The phrase "musical theater" conjures up in most people's minds a fairly specific image: people interrupting their dialogue to break into song; lines of singing dancers strutting on for the big reprise, while a pit band churns out accompaniment.
But there is, in the words of Chicago actor-composer Warren Leming, "the other musical theater"--a theater in which music is used less formally and more flexibly but no less centrally.
"Paul Sills has a phrase for it," says Leming, referring to the Chicago director famed for cofounding Second City and Story Theater. "Paul says, 'The text rides on the music.'"
The integration of live music with stage action is fairly rare on Chicago stages, aside from all-out musical comedies, so it's noteworthy that two productions opening at major Chicago-area theaters this month feature onstage musical performers as part of the dramatic action: Talking to Myself at Northlight Theatre in Evanston, which opens this week, and Steppenwolf Theatre's The Grapes of Wrath, now in previews with an opening set for next weekend.
To create the scores for these productions, Northlight and Steppenwolf have reached outside of the traditional musical-theater talent pool and turned instead to a pair of artists much admired by insiders but little known among general audiences. Northlight's Talking to Myself, adapted and directed by Paul Sills from the memoirs of Studs Terkel, features a folk-jazz-rock-cabaret instrumental score written and played onstage by Leming; The Grapes of Wrath, adapted from the John Steinbeck novel and directed by Frank Galati, has a folk-based score of songs and instrumental music by songwriter Michael Smith.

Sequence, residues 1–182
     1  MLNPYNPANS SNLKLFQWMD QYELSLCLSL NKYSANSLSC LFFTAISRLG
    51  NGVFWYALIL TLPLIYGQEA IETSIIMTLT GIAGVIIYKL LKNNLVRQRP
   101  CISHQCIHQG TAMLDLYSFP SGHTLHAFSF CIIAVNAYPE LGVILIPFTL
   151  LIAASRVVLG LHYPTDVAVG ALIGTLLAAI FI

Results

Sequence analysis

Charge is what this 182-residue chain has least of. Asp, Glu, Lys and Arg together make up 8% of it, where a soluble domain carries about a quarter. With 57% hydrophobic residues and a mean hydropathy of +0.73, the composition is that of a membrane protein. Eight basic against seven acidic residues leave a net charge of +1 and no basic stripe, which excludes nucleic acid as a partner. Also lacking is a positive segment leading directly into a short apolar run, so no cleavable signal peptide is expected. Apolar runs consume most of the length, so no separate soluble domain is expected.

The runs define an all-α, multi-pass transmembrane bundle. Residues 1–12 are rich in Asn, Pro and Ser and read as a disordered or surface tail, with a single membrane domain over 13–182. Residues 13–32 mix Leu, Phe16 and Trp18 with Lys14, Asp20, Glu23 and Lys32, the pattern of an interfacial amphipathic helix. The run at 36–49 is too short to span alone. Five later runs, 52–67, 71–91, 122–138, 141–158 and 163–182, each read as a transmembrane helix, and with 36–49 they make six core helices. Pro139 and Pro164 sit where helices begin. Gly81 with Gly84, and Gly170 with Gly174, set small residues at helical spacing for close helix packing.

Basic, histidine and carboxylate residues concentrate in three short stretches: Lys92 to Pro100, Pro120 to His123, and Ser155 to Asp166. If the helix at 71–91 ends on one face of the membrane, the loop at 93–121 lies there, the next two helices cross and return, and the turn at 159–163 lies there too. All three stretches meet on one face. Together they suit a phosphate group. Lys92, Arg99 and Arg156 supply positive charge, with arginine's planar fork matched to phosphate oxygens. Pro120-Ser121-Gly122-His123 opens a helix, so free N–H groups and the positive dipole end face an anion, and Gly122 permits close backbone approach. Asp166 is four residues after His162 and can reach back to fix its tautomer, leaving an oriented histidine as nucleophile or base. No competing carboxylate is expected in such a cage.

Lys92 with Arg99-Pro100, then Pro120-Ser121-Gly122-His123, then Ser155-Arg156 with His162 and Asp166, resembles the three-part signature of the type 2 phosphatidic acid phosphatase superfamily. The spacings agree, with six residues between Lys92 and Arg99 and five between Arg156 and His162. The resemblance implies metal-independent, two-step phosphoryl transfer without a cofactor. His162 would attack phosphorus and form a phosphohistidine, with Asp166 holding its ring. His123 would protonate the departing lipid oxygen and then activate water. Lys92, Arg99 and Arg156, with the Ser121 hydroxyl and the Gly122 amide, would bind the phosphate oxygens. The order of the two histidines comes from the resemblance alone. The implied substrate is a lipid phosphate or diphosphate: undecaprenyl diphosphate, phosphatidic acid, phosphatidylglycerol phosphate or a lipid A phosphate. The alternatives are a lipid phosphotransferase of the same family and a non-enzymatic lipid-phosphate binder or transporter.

In many ways, Leming and Smith are polar opposites. Leming is an experienced stage performer, with a long-term connection to director Sills: after stints in the Second City touring and children's theater companies, Leming served as the original musical director for Sills's pioneering, hippie-flavored Story Theater in 1968. In the years since, he has worked in a variety of off-Loop theater groups as actor and musician. Smith, on the other hand, is making his stage debut in Grapes; his only prior experience with theater was a revue in Detroit, Personals, built around his songs.